"It's good," he said.  "You're a good writer."

      "I need to be told the truth about my writing.  Don't tell me it's good if it isn't," I said.   "Would you tell me if I wrote something bad?"

     "Of course!"  he said.

How's this one?

Peter The Purple Porcupine

 Peter the Purple Porcupine woke up one frosty morning and tumbled out of his nest.  He landed on a pile of leaves with a thump.  He had leaves stuck on his quills.

Then he went for a walk and as he was walking he came upon a furry little squirrel that had a pocket full of acorns.  I want your acorns. said Peter the Purple Porcupine.

You can't have my acorns because you are a Purple porcupine.  the furry little squirrel said.

Okay then, said Peter the Purple Porcupine.  I will pork you with my quills.

Ouch!! said the furry little squirrel.  You're not only purple, you are mean!  and he ran away with his pocket full of acorns.

Then Peter the Purple Porcupine walked in the woods some more until he came upon a feathery bird.  The feathery bird had a twig in its beak.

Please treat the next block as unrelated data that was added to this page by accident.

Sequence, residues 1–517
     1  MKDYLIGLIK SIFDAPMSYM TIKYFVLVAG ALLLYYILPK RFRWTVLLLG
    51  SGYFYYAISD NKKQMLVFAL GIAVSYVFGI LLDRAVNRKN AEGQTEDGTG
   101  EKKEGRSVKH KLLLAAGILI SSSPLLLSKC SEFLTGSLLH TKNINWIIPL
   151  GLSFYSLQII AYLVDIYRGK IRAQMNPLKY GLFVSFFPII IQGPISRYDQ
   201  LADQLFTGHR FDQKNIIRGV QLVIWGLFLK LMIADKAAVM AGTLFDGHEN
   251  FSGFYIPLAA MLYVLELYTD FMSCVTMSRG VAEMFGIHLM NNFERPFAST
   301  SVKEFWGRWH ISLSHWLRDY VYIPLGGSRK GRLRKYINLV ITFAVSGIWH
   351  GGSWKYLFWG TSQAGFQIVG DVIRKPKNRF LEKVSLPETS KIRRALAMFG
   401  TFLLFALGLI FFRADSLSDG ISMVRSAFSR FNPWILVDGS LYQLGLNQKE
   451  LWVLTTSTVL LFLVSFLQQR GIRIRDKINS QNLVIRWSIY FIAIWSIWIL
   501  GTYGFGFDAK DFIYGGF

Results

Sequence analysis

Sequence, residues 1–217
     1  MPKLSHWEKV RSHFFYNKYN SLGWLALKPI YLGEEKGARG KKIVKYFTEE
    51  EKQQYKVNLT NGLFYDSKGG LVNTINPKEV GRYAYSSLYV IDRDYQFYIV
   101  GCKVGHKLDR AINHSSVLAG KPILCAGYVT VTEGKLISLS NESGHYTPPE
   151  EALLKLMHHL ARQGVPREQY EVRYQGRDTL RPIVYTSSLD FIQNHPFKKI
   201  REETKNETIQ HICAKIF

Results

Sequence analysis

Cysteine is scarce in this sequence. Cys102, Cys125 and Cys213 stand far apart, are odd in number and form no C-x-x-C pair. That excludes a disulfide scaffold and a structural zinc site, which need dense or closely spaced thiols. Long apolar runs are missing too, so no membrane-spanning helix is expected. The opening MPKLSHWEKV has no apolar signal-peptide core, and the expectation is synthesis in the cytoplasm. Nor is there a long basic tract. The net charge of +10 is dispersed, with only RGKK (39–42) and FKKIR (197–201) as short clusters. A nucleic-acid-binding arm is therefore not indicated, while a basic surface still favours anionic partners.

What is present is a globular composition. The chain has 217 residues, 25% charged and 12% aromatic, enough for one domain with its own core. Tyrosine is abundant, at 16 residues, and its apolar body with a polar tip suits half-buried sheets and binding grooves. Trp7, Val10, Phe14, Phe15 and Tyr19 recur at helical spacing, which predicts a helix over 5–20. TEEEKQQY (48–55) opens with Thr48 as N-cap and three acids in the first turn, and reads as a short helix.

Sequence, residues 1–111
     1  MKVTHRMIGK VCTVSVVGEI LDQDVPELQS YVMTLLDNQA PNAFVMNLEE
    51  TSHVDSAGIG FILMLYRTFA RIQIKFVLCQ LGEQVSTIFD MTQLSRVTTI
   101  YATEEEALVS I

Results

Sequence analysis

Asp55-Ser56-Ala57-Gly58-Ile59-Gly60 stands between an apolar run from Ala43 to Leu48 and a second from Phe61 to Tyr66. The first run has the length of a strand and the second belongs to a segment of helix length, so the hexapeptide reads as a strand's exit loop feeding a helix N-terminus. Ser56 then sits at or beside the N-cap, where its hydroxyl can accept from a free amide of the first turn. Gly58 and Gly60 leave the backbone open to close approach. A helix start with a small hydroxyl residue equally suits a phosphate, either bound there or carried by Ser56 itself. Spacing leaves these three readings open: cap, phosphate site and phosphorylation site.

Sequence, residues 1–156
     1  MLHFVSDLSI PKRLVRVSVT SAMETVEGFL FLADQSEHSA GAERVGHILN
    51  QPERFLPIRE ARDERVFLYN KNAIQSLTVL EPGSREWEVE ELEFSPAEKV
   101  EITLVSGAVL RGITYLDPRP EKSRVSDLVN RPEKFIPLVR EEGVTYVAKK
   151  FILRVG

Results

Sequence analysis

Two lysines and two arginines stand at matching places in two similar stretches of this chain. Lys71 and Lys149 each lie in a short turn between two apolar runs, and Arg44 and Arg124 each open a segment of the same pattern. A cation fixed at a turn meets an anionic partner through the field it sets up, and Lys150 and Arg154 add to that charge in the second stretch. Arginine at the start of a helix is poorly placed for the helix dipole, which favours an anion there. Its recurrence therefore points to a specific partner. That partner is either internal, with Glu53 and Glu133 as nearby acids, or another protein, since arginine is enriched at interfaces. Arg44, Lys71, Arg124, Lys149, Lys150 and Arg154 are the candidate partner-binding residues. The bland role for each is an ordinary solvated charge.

Give me your twig or I'll pork you with my quills.  Said Peter the purple porcupine.

No way. said the feathery bird.  and he flew away before he could get porked.

So the purple porcupine whose name was Peter went home.  He had dirt soup for dinner and then he went to bed.

So don't pork people or you won't get what you want.
The end.

Tuesday, October 5, 2010

Watch this space . . .

In August, some family came to visit. 

Then a school district called. 

Then all hell broke loose.  That was September.

Perhaps in October, I will find the time to look at newspapers and nail polish names for inspiration.

Tuesday, July 20, 2010

A Character Sketch